With the limbs flattened and in line, I got to tapering them. This was a bit trying with a simple hand saw, cutting a nice even V shape into the end of the limb, but it was doable; I imagine if you have access to, say, a band saw this will be no problem at all. I bound the V together with JB Weld and a section of 1" heat shrink tubing. I could only find that tubing in 4" sections which kind of stinks, if anyone can point me to where it's available as a roll or if you know where I can find better than 1" tubing I would really appreciate that.
All built, it was time to string the thing. Stringing bows can be a bit tricky already without making the string yourself, so I decided to cut at least one corner and just bought a string from Amazon.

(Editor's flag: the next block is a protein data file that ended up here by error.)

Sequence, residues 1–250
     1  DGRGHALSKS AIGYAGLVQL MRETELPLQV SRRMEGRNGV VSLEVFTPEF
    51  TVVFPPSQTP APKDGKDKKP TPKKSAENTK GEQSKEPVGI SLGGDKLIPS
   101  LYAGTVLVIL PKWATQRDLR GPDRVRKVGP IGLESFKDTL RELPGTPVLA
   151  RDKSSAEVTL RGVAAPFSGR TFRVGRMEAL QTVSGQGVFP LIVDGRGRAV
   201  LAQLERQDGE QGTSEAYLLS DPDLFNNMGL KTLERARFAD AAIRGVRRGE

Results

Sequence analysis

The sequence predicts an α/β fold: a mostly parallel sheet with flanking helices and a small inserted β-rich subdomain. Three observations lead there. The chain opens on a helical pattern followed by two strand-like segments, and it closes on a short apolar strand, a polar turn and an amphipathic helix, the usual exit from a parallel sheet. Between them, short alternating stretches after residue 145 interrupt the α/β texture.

A few things on determining what length of string to buy. First you need to know your bow's AMO length, that is the Archery Manufacturer's Organization length: the distance between nocks measured along the body of the bow. If you are trying to find AMO for a straight bow of any kind, this is pretty easy, all you need is the distance between nocks. With a recurve, you'll need a flexible tape measure to hold against the belly of your bow as you run the distance from nock to nock. Then it's a matter of finding a fitting string- so long as those strings are listed and sold by the bow's AMO length and not their own length-, if, by chance, you're buying from someone who simply lists the length of the string here's your rule of thumb: 3" shorter for long bows, 4-5" shorter for recurves. If the string is an endless loop style string, you will be able to shorten the string by an inch or so simply by twisting it tight before fully stringing the bow, it gives you a little room to work with on the brace height (distance between the string and the riser, your handle).